According to the NIH, about 5 to 9 of every 100 people get affected by appendicitis in their lifetime. 


Appendicitis is a condition that causes intense pain and often requires emergency treatment. It is also one of the most common conditions that causes intense pain on the lower side of the abdomen. Often, the appendix disrupts the quality of life, and it worsens when left untreated. It might eventually lead to the rupture of the organ, which releases bacteria into the bloodstream. 


Hence, it is important to know about the onset of the appendix, the symptoms, diagnosis, and treatment to battle the condition if present. 


In this blog, let’s cover a 101 on appendicitis


What is appendicitis?

what is appendicitis?


The appendix is a small, tubular, and finger-like pouch that is attached to the large intestine of the human body. It resides in the lower-right area of the abdomen, serving no known purpose for the body. 


Appendicitis is the condition of the inflamed appendix, which causes severe, acute pain in the lower abdomen. It may happen due to an infection from bacteria, viruses, parasites, or even a blockage caused by fecal matter that passes through the large intestine. 


The appendix becomes swollen, and the blood supply gets blocked to the inflamed organ. When left untreated, the appendix can burst, spilling infectious material like stool and mucus inside the belly. This may eventually cause serious infections, such as peritonitis. 


What are the risk factors for appendicitis?


Although appendicitis is common in both genders, males have a slightly higher risk of developing it. 


In addition, appendicitis usually occurs on a high scale in people between the ages of 10 and 30. 


Family history may also play a role in the development of the condition, especially if you are a male. 


Improper diets, such as those composed of low-fiber and high junk, are also a risk factor for appendicitis. 


A study conducted in 2022 showed that people living in warmer climates may have a higher risk of the onset of appendicitis. 


People who smoke regularly are also susceptible to the development of appendicitis. Inflammatory bowel diseases like Crohn’s and ulcerative colitis are likely to increase the risk of developing appendicitis.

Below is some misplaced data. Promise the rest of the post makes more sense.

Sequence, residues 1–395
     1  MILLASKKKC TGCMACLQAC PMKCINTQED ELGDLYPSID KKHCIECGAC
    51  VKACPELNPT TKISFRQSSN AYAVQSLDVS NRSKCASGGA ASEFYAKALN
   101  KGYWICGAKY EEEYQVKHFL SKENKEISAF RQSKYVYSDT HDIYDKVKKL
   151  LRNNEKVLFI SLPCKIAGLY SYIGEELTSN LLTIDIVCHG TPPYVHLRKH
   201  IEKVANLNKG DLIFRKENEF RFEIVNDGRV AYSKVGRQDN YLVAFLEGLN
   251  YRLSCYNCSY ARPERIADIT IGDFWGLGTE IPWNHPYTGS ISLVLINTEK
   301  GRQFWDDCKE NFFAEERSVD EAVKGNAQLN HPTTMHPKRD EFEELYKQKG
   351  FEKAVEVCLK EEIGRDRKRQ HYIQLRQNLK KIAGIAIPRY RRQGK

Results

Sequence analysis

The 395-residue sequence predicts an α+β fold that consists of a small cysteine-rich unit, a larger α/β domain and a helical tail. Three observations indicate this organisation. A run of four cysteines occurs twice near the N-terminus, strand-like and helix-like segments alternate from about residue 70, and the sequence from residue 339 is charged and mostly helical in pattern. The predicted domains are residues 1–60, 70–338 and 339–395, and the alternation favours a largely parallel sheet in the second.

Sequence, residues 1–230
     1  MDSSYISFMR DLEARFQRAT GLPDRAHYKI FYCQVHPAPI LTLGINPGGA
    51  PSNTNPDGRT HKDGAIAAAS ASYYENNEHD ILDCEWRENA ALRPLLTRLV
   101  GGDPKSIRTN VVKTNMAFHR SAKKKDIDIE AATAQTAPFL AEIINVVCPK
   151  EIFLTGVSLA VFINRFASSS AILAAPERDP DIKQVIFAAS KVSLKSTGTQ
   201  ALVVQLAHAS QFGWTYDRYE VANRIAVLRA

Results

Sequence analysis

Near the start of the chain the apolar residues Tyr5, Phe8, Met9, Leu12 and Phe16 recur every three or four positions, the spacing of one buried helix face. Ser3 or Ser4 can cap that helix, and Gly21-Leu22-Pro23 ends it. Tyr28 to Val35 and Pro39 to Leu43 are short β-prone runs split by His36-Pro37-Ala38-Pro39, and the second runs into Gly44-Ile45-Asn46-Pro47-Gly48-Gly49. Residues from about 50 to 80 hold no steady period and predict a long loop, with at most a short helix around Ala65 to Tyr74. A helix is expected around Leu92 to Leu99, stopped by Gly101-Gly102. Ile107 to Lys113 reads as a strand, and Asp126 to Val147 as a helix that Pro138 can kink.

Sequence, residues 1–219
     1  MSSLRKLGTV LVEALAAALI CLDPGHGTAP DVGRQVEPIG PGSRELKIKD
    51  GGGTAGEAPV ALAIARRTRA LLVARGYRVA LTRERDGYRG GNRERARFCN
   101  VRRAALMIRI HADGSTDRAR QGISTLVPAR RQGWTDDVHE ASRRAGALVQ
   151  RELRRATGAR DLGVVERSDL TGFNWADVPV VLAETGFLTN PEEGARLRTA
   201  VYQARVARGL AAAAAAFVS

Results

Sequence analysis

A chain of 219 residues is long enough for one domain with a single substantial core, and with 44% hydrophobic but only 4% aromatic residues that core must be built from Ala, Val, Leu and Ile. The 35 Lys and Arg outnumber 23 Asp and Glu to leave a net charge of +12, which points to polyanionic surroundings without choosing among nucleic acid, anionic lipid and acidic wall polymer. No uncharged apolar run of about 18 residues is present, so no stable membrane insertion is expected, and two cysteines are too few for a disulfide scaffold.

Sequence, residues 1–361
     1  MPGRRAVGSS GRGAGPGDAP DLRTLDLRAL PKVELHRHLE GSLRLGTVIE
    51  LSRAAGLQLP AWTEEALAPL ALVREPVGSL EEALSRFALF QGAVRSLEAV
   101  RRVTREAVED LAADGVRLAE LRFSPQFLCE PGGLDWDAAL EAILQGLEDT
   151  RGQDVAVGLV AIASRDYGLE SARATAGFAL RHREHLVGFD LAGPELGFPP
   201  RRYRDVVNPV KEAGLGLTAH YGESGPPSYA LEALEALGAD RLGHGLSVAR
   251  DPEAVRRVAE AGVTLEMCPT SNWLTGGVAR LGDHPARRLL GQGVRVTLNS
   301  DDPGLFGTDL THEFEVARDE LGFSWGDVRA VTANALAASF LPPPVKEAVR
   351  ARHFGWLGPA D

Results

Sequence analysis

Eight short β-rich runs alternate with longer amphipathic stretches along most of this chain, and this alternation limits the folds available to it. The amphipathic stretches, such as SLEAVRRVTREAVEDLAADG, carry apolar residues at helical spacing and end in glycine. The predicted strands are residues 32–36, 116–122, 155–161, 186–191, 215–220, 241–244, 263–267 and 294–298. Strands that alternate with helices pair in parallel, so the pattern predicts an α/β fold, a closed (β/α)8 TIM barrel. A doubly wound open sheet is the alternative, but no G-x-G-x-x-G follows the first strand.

Common signs of appendicitis

When it comes to signs and symptoms of appendicitis, acute pain in the lower abdomen is the first trigger. 


The pain may start from the belly button and move to the lower right side of the abdomen; it may also be in the reverse. The pain may not die down and may cause discomfort while sleeping, speaking, or even breathing. 


When the appendix bursts, the pain will be felt all over the abdomen. 


Other symptoms include: 


  1. Nausea 
  2. Loss of appetite 
  3. Fever
  4. Diarrhea
  5. Swollen belly
  6. Constipation
  7. Urinary symptoms like excess or very little peeing 


Diagnosis and treatment options

You might want to visit your healthcare professional as soon as you experience and spot the symptoms. Your doctor may conduct a physical exam to analyze the site of the pain in response to pressure.


Furthermore, he or she may order the following tests: 


  1. Blood test to check for any signs of infection. A high white blood cell or C-reactive protein content count may indicate an infection. 
  2. Urinary test to check for any urinary infection 
  3. Abdominal ultrasound, or CT, may be employed to view the inflammation in the appendix. 
  4. MRI is used in pregnant women to spot appendicitis.


In most cases, emergency care is required for the treatment of appendicitis. Both medications and surgery are provided for the treatment. 


Antibiotics are a standard part of appendicitis treatment. It is used in both cases, in case of rupture and also before rupture, as a preventive treatment. 


Pain relief is also required to battle the acute pain caused by appendicitis. 


When the surgery is concerned, 


Doctors may perform an open surgery under anesthesia. Incisions are made in the abdomen, and the appendix is cut out. In the case of an appendix burst, a stunt is placed to drain out the pus and other fluids and later removed in a few days.


On the other hand, laparoscopy can also be performed under anesthesia. 


Surgery is usually performed within 24 hours of the diagnosis, owing to the fact that the appendix may burst within 36 hours of the initial symptoms. 


There’s also no downside to the removal of the appendicitis, and one can lead a normal and healthy life post-appendectomy. You can return home on the same day or within a short span of time. Recovery time is usually estimated to be around 6 weeks, and pain relief is taken in the meantime to tackle the surgery pain. 


Appendicitis Prevention


As of today, there’s no way to prevent appendicitis. 


But you can avoid fatty, processed foods and consume a fiber-rich, balanced diet to lead a healthier life. 




Appendicitis is a painful condition that affects kids and adults and is characterized by acute pain. Caused by the inflammation in the appendix, appendicitis requires emergency care to prevent the rupture, which may send stool and infectious materials into the belly space. 


Surgery and medications are employed to treat appendicitis, and one can lead a normal life post-surgery as the organ performs no role in the human body. 


If you experience pain or any of the symptoms of appendicitis, make sure to visit your nearest hospital as soon as possible.